If I understand it correctly, semantics is a mapping function that leads from manifest expressions to elements in a given arbitrary domain. Based on set theory, logicians have developed a framework to set up such mapping for formal languages like mathematics, provided one can fix an interpretation function. On the other hand, 20th-century logicians (notably Alfred Tarski) warned of the limits of the framework when applied to human languages. Now, to the extent it embraces a set-theoretic semantics (as in the W3C's Ontology Web Language), the Semantic Web seems to be facing exactly such limitations or experiencing, dealing with, and suffering them.
Most Web content is expressed as natural language, and it is not easy for programmers to bring it into clean logical form; meanwhile, Percy Liang's article "Learning Executable Semantic Parsers for Natural Language Understanding" (also Sept. 2016) gave an idea of the early stage of "semantic parsing," or the task of obtaining a formal representation of the meaning of a given text. It seems the "new semantics" in Bernstein et al., albeit not formally characterized, was an attempt to outline a better approach to tapping the linguistic nature of the Web, which is indeed remarkable.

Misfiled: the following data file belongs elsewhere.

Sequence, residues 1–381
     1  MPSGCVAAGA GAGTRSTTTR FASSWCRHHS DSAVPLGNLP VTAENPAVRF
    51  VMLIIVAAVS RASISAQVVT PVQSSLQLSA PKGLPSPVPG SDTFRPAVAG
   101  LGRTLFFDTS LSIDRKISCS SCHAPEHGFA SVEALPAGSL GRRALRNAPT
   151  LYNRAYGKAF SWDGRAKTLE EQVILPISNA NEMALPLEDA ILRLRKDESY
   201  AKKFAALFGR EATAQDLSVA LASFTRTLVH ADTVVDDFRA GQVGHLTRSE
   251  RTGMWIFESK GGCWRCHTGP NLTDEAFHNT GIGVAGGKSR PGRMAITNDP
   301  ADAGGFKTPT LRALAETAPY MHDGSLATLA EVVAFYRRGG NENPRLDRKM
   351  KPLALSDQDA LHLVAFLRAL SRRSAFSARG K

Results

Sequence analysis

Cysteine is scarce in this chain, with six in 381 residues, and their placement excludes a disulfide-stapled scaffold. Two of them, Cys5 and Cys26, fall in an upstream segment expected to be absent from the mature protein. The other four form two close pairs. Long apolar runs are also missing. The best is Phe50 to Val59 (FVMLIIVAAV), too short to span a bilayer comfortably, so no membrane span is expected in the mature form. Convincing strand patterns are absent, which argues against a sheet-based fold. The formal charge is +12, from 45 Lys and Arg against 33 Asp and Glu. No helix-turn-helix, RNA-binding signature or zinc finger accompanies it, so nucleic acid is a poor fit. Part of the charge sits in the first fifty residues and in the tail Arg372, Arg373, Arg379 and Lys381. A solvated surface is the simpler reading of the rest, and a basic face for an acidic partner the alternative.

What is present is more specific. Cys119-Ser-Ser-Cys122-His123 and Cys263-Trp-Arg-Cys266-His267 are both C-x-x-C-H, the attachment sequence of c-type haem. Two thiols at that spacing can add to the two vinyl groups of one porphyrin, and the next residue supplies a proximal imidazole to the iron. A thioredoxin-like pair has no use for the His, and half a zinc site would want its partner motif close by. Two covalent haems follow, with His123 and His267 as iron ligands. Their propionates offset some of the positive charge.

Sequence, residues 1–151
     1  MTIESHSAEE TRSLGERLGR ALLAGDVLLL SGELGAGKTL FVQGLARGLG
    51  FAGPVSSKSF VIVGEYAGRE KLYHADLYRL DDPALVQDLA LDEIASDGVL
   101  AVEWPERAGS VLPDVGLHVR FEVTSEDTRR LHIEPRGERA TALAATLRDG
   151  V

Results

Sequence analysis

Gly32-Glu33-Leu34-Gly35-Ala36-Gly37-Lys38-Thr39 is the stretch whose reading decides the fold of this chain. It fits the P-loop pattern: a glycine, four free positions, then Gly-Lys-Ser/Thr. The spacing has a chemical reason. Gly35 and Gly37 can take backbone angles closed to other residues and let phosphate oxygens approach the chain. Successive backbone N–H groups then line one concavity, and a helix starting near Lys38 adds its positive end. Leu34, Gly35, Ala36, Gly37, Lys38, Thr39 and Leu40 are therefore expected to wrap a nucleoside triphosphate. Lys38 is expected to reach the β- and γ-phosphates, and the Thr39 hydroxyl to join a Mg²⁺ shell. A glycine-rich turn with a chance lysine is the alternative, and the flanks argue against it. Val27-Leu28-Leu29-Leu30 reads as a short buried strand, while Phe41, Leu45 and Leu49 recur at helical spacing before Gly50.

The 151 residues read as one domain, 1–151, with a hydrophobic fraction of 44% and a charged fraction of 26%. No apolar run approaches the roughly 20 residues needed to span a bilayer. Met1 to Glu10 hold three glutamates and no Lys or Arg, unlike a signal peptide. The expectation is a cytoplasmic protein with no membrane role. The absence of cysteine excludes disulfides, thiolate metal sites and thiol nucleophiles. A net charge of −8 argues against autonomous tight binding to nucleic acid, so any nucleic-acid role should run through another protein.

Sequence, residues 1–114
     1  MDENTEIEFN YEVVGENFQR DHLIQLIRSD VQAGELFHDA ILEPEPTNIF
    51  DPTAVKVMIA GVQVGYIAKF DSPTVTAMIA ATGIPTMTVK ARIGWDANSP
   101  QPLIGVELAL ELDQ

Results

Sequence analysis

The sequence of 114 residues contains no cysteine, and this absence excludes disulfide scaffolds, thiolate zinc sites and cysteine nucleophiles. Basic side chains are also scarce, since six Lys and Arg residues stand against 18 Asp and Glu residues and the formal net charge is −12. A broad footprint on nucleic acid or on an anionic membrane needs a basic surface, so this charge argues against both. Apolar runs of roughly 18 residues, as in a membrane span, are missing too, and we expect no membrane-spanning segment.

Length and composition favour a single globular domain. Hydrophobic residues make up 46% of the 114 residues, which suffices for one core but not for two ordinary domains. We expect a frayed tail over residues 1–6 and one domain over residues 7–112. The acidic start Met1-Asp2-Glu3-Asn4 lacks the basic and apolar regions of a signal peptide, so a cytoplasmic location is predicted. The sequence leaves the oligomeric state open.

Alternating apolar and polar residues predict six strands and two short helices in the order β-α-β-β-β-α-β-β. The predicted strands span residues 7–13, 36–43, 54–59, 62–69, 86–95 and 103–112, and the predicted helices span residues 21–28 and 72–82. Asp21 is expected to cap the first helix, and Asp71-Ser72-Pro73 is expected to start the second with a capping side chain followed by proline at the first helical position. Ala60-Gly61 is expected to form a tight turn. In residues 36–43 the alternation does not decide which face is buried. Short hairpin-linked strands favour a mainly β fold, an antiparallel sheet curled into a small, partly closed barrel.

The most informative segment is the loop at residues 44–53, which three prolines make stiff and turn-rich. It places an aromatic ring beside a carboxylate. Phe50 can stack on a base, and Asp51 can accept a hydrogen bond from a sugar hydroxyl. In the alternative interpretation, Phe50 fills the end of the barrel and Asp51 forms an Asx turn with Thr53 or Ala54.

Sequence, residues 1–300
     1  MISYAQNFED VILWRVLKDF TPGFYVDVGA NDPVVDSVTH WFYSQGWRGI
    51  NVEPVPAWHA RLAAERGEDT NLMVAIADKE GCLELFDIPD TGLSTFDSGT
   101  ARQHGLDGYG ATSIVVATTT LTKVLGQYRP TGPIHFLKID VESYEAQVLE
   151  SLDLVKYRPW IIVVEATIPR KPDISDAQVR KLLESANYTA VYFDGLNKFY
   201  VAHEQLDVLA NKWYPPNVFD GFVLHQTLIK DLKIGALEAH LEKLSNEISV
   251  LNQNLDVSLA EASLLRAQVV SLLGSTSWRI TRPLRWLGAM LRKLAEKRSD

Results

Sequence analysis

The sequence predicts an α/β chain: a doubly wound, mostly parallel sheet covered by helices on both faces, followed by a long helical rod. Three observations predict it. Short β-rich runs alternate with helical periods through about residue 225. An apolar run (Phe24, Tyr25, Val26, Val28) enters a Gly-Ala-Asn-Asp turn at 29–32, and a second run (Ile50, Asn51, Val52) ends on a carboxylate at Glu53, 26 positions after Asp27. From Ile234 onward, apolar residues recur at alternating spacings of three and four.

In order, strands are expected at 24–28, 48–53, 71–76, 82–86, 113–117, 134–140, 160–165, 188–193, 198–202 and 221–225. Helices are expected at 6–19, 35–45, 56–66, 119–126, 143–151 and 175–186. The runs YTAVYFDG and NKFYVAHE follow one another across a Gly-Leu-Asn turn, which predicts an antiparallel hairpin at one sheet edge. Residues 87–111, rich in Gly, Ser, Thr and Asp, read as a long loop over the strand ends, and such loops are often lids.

In taking a language-oriented view, however, Bernstein et al. seemed to neglect a key feature of formal semantics — transparency. They seem comfortable with the relaxation of logic as a conceptual framework for the Semantic Web, which is typical of modern Knowledge Graphs (such as the one Google uses). But one of the consequences of such relaxation is that part of data semantics ends up being embedded in algorithms. Not only practitioners but also common users are aware that algorithms that work on Web data are embedded in only a few monolithic, private platforms that are far from open, transparent, and auditable.
Isn't keeping meanings in a handful of proprietary algorithms exactly the opposite of what the Semantic Web was meant to be?
As we mentioned in the Viewpoint, the Semantic Web is not just about texts but also about myriad data, images, video, and other Web resources. While a formal logic that could be both transparent enough for all such resources and yet usable by Web developers is a noble ambition, current logics are simply not up to the task. The transparency of "some semantics" is the best to hope for and would allow all potential developers to build Web-scale, best-effort applications.
Abraham Bernstein, Zürich, Switzerland
James Hendler, Troy, NY
Natalya Noy, Mountain View, CA